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6.5: Our Relationship to Society

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    Fromm was a prolific writer, whose interests included psychoanalysis, economics, religion, ethics, culture, and societal systems. He evaluated both Freud the man and Freud’s theories in Sigmund Freud’s Mission (Fromm, 1978) and Greatness and Limitations of Freud’s Thought (Fromm, 1980). His religious works include such provocative titles as The Dogma of Christ (Fromm, 1955b) and You Shall Be as Gods (Fromm, 1966). He addressed the person’s place within society in books such as The Sane Society (1955a) and The Revolution of Hope (1968). And a collection of his works on gender psychology, Love, Sexuality, and Matriarchy, was edited by Rainer Funk (1977). The unifying theme throughout Fromm’s writings is each person’s relationship to society, which he addressed most directly in Escape from Freedom (Fromm, 1941).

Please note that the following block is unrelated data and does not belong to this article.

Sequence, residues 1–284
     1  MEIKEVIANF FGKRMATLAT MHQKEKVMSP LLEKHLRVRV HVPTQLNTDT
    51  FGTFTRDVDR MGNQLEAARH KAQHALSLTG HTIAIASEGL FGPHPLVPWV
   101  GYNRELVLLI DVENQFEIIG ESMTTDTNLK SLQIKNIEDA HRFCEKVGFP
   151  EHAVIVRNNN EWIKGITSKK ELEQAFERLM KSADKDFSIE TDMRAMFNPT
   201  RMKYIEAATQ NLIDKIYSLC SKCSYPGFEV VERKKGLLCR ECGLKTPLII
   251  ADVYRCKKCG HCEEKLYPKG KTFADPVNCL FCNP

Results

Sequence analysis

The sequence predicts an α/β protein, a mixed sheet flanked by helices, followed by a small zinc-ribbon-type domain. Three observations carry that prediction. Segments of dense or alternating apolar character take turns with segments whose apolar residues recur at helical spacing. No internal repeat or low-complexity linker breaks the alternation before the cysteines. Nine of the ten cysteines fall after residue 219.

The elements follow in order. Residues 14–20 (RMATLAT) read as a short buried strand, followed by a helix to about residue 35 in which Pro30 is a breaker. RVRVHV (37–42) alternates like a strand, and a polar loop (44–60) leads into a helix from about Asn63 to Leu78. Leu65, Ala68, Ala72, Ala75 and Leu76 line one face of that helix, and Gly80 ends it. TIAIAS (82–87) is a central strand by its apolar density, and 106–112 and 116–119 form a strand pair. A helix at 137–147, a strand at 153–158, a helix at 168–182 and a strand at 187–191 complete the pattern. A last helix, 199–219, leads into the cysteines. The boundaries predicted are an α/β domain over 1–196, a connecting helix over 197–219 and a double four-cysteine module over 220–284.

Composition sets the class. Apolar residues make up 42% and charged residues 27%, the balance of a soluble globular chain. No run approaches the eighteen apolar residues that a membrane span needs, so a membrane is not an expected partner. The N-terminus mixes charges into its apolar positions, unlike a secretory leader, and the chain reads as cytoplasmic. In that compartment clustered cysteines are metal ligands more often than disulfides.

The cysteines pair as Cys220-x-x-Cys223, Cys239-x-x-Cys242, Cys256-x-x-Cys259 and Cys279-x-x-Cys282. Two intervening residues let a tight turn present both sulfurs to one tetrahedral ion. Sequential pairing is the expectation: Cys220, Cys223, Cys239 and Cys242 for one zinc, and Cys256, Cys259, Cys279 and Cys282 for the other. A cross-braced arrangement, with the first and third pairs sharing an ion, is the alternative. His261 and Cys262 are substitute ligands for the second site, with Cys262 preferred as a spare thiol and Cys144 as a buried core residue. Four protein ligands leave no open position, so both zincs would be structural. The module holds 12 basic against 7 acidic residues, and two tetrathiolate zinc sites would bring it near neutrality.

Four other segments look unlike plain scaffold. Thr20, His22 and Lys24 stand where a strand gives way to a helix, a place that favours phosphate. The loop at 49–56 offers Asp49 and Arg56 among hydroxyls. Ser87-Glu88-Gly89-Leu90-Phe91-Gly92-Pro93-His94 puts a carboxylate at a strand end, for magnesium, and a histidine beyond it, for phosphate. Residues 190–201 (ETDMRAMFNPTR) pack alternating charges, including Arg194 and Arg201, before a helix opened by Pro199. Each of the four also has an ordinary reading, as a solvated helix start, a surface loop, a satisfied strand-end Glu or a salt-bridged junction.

Fromm interpreted Freud’s theories on the satisfaction of drives as necessarily involving other people, but for Freud those relationships are only a means to an end. Although hunger, thirst, and sex may be common needs, Fromm suggested that the needs that lead to differences in people’s character, such as love and hatred, lusting for power or yearning to submit, or the enjoyment of sensuous pleasure as well as the fear of it, are all the result of social processes. One’s very nature is a product of the interaction between the individual and their cultural setting. We are the creation and achievement of human history, and at the same time we influence the course of that history and culture. In modern times, particularly in the Western world, our pursuit of individuality has alienated us from others, from the very social structure that is inherent to our nature. Consequently, our freedom has become a psychological problem, it has isolated us from the connections necessary for our survival and development (Fromm, 1941). The danger with this situation, according to Fromm, is that when an entire society is suffering from feelings of isolation and disconnection with the natural order (from nature itself, in Fromm’s view), the members of that society may seek connection with a societal structure that destroys their freedom and, thus, integrates their self into the whole (albeit in a dysfunctional way). The three ways in which individuals escape from freedom are authoritarianism, or giving oneself up to some authority in order to gain the strength that the individual lacks, destructiveness, in which the individual tries to destroy the object causing anxiety (e.g., society), and automaton conformity, in which the person renounces their individual integrity. Fromm believed that these phenomena provided an explanation for the development of dictatorships, such as the rise of Fascism in Europe during the 1920s and 1930s. For the leaders of these societies, these processes are such a deeply ingrained aspect of their character that Fromm actually described Adolf Hitler’s destructiveness as evidence of a necrophilous character (a necrophiliac is someone sexually attracted to the dead; Fromm, 1973).